Published 25 July 2022
Last updated 25 July 2022
In this blog, Samantha talks about what inspired her to learn to ride, gives us some excellent tips on preparing for compulsory basic training (CBT) and talks us through what happened on the big day!
After spending my Easter weekend marvelling at the wonderful mopeds at the Whitby National Scooter rally, I decided to embrace my secret desire and learn to ride!
I only wanted a moped to zip around town (and for the occasional journey to work) and had already fallen in love with a 50cc model. Whilst I do have a full car licence, I knew I would have to do my CBT to be able to ride.
Preparing for CBT
I looked online, spoke to others who had recently completed their CBT, and popped into local motorcycle shops. I found ‘crowdsourcing’ information very helpful, as it gave me a number of different options to choose from. It also gave me fresh confidence that I was choosing the right CBT trainer for me.
Of course you’ll have your own ideas about choosing the ‘right’ trainer, but I strongly suggest that you take time to do a bit of research. You’ll pick up a lot of useful information, feel safer, and much more informed.
As part of my prep, I revisited The Highway Code (the 2022 new edition was just published) and enjoyed the online Ridefree training. Ridefree is an excellent way of helping car drivers to ‘think’ as a rider not a driver, with lots of interactive content on developing your hazard perception skills.
As well as the theory, it pays to think about practical requirements such as dressing sensibly on the day. I wore thick jeans and good sturdy shoes which protected my ankles. If you’re unsure about what you should wear, my advice is to contact your trainer before you go – if you’re not dressed right you won’t be riding!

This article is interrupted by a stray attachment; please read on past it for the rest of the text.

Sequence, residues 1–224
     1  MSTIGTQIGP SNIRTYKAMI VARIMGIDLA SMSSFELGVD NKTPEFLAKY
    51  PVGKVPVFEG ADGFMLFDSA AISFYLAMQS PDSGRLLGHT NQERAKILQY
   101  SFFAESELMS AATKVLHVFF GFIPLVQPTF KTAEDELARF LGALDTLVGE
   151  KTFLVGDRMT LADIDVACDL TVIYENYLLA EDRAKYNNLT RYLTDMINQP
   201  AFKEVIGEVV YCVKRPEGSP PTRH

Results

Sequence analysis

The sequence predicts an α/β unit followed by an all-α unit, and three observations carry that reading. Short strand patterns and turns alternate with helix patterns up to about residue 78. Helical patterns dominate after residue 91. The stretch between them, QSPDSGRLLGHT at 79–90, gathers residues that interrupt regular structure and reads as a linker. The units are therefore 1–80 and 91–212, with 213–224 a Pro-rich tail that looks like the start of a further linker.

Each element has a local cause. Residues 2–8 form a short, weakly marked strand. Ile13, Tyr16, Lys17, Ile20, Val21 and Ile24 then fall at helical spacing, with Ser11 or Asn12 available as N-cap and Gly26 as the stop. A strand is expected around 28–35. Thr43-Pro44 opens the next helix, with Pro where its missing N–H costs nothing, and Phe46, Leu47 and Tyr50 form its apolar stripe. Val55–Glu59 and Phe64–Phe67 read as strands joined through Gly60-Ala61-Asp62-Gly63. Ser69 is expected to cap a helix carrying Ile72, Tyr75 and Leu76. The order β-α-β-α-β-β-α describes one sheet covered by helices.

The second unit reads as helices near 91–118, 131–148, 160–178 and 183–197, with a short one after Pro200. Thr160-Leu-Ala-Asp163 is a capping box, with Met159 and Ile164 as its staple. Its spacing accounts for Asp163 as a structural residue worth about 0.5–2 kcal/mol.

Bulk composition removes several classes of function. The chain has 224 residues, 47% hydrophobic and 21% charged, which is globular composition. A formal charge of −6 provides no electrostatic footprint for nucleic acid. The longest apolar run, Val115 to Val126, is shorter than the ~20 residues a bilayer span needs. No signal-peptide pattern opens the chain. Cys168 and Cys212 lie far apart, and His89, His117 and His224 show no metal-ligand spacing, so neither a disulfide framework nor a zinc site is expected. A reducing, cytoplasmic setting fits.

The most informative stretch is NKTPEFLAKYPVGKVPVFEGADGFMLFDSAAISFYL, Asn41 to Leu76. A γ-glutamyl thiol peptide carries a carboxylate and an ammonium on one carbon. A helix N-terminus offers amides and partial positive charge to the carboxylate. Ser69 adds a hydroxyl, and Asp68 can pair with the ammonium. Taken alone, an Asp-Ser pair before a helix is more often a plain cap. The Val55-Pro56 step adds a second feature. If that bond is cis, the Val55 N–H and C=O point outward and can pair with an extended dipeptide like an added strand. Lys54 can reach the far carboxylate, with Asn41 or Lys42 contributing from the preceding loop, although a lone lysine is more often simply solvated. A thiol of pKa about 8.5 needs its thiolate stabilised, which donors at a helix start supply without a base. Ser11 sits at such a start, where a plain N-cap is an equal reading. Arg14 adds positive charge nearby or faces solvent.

On the day
In the morning we spent time in the classroom before moving onto the practice course. I’d never been on a bike and I quickly realised that there’s a lot to cover, from basic maintenance of equipment to learning and repeating a number of different manoeuvres, including moving away, riding slowly, riding in a straight line, stopping; figure of eight, U-turn, turning and finally the emergency stop.
In case you’re wondering, observation is thoroughly covered. OSM, PSL (look it up!) really can be a lifesaver and your instructor will expect you to practise it at all times.
After lunch, it was time for the practical. It was raining heavily (tip – waterproof trousers are a must, hindsight is a wonderful thing!) and after an unexpected road closure, which lead to a rather big roundabout diversion, we spent two hours riding around, tackling traffic lights, more roundabouts (there was lots of these!), junctions, pedestrian crossings, hills and turns, as well as demonstrating manoeuvres to show full control of the bike. Everyone in the group had radios so we could listen and speak to each other. At the beginning our instructor gave us clear directions, and by the end we were happily riding with less and less input as our confidence grew.
The day was informal. Whilst you follow a curriculum, everything happens at your own pace and if you are unsure just ask questions. I did. Even if it felt silly, my instructor was happy to help. Supporting your other classmates is important too. You can share your nerves, advice and observations, and cheer on each other’s successes. Enjoy it!